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Network Cards

Network Cards Buying Guide

Although wireless networking technologies have come a l...
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Network Cards Buying Guide

Although wireless networking technologies have come a long way towards catching up with wired networks, they still have many downfalls. Not only does their speed still lack when compared to a gigabit wired network but they are also terrible over longer distances without costly repeaters. A wireless network makes a great addition to any home in terms of allowing laptop users free rein of the house, gaming systems to hook up online and computers that are farther away to be easily connected without awkwardly running a network wire. However, for PC gaming, downloading and intense file/media sharing among home systems, a wired network is still the best way to go. Modern networks have come a long way from the old 10/100mbps connection speeds and are now capable of doing 10/100/1000mpbs (otherwise known as gigabit). These fast speeds allow very large files to be moved from computer to computer very quickly and efficiently and also open the door to steaming live media over a network - handy for the growing number of HTPC’s (home theatre PC’s).

Integrated Network Controllers
I'll make an educated guess that the vast majority of the population out there with computers built during the past 10 years or so are probably using the network controller that is built right onto their motherboard. Ever since motherboard manufacturers started integrating all the vital components onto their motherboard designs the need for a lot of add-on cards has diminished. Pretty much all these integrated network controllers are 10/100mpbs and even on brand new systems it can still be hit or miss as to whether or not you're getting a 10/100/1000mbps (gigabit) connection. For most people reading this, the integrated network controller on your motherboard will be all you ever need for networking. It's fast, efficient and doesn't occupy any extra space inside your case like a PCI network card would. For those who build their own systems, you may see some high performance motherboard's including not one, but two network jacks on their rear I/O plate. This means you have the option of plugging your computer into two jacks on your router at once and the motherboard network controller will intelligently manage traffic from both - giving you a massive networking speed performance boost!

Add-on Network Cards
Many people question why they should move to an add-on network card if they already have a perfectly good integrated network card. There are three primary answers to this; upgrading to a faster networking standard, increasing system performance or gaining the added benefits that a manufacturer may offer on their network card.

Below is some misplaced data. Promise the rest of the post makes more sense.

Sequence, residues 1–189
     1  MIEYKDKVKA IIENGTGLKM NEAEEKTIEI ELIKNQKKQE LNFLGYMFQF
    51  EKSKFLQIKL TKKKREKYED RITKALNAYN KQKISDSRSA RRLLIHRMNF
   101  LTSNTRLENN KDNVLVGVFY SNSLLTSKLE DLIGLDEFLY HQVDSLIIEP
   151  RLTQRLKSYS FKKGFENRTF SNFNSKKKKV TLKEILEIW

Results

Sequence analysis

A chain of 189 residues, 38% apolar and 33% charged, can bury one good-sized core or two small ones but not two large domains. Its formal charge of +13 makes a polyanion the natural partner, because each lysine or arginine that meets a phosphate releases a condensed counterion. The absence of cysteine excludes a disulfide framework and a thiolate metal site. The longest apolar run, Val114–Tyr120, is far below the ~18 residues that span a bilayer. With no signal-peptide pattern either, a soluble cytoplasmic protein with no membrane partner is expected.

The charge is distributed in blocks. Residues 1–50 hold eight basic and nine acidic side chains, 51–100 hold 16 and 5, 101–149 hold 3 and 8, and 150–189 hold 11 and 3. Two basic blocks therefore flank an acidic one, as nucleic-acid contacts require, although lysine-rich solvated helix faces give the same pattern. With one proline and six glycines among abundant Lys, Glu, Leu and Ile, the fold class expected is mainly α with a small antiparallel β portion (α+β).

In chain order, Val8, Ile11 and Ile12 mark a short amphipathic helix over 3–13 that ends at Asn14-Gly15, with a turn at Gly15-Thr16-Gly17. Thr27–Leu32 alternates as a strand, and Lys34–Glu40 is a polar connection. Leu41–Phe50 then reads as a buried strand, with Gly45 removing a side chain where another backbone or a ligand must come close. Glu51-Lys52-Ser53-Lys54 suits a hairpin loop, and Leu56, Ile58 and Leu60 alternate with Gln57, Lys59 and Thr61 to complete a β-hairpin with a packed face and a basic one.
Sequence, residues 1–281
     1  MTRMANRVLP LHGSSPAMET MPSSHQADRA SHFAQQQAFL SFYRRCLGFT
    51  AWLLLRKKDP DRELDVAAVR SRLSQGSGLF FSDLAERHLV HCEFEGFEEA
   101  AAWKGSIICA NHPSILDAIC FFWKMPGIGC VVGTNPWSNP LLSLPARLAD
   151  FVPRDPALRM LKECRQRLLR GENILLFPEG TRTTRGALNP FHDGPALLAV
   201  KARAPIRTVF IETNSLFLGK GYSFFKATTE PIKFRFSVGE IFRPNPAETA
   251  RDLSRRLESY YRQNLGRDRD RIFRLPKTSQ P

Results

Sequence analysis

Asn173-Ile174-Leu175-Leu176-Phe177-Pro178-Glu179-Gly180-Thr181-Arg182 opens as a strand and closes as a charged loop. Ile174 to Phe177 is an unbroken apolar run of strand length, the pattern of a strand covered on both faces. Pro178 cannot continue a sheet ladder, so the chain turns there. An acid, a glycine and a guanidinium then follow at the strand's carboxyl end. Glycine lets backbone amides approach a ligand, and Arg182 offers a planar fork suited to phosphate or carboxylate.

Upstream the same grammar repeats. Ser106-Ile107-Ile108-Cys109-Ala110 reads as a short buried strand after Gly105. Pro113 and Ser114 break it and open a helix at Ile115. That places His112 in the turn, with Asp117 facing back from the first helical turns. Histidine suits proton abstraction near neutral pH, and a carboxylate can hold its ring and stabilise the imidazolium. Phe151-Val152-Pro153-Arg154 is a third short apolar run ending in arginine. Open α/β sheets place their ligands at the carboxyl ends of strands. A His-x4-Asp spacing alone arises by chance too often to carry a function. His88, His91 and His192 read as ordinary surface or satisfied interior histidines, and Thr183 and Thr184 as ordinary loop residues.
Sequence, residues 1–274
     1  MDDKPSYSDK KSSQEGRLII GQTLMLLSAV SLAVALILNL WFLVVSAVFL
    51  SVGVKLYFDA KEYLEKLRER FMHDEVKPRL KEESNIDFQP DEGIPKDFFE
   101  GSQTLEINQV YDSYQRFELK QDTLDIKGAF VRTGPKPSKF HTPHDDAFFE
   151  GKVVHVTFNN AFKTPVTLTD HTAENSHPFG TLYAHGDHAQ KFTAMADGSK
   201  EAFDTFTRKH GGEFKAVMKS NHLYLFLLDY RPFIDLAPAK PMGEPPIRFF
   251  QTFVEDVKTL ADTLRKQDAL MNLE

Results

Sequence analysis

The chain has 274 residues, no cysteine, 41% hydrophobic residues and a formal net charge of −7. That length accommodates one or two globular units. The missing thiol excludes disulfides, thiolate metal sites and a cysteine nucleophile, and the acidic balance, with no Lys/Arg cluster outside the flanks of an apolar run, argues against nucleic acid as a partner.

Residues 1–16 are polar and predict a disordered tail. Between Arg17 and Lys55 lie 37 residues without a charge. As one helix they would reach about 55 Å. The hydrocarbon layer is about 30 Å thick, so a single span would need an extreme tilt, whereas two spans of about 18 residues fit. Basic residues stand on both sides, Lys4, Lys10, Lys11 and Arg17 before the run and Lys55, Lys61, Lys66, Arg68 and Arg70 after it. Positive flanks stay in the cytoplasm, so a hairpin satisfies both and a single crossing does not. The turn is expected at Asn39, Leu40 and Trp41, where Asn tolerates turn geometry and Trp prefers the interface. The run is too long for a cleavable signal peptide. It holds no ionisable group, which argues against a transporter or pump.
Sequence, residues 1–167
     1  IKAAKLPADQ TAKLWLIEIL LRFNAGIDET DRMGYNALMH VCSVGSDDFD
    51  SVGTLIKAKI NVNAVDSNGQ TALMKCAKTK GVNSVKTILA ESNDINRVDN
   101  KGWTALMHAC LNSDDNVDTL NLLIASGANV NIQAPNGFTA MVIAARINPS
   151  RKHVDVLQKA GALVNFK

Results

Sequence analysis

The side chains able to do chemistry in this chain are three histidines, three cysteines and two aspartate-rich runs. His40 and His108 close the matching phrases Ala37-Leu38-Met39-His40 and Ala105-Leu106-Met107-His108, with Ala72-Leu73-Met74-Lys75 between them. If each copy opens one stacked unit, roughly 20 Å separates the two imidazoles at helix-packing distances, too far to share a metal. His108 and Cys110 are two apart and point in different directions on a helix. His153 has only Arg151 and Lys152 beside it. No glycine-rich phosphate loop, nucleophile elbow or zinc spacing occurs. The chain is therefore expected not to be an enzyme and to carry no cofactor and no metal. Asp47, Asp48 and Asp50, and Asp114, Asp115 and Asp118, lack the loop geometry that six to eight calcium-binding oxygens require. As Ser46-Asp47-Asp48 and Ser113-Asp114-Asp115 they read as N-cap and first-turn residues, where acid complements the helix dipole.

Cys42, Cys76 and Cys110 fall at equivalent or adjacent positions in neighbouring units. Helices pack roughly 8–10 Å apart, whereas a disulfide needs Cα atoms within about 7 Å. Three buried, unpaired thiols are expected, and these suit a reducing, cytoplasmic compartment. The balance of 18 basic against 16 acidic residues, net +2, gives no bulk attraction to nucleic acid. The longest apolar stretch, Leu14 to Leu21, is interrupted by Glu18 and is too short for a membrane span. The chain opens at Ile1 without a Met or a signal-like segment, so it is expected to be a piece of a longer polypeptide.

If you're wiring your house for gigabit ethernet or recently purchased a gigabit router/switch then it might not be a bad idea to spend a few extra dollars to put a gigabit network card in any computers that are used on the network. If you're someone who does a lot of file transfers on your network or steams media from PC to PC then you will certainly benefit from the extra bandwidth and speed available. PCI gigabit networking cards are very inexpensive and will allow you to add increased networking performance to virtually any PC.

For those who do a lot of gaming, specifically online gaming, using an add-on networking card will allow you to disable the motherboard's built-in networking card and increase performance and frame rates. By disabling the integrated card you are taking a load off the CPU because integrated motherboard components will pull more CPU cycles to run themselves due to their lack of individual processors. When you put in an add-on PCI/PCI-Express networking card it will have all the components it needs to run itself built onto the card - thus freeing up some CPU cycles to put towards your game. If you're willing to spend a little more, many manufacturers make gamer-specific add-on network cards as well. These cards will have better network traffic management than a standard card, often giving more bandwidth to currently running games than any background networking processes. Having as much bandwidth as you can for your current game will greatly reduce your ping to the gaming server and often result in better and faster online play.

Lastly, some add-on networking cards are starting to do more than just the basic networking these days. There are some cards on the market that actually have ROM based bit-torrent clients, FTP clients and much more that will run directly from the card. Taking care of these applications on the hardware front will help free up memory and CPU cycles in your operating system for not only better operating system performance but also the ability to game on your system while running downloads/uploads in the background. With these card's being intelligent enough to direct traffic where it is needed the most, you won't have the lag associated with running a software download client from your PC while simultaneously gaming.

I hope in this short guide that I've been able to de-mystify some of the unknowns about your often overlooked PC network controller. If you're building or upgrading a wired network then I say spend the few extra dollars and start building it gigabit. Although it may not be something you use right away, you can bet that as computers do more and more in our homes that you will probably benefit from it in the very near future. For gamers and downloaders, if the budget is available then look into some of the high-performance network cards on the market that will improve your network performance for both gaming and downloading applications.


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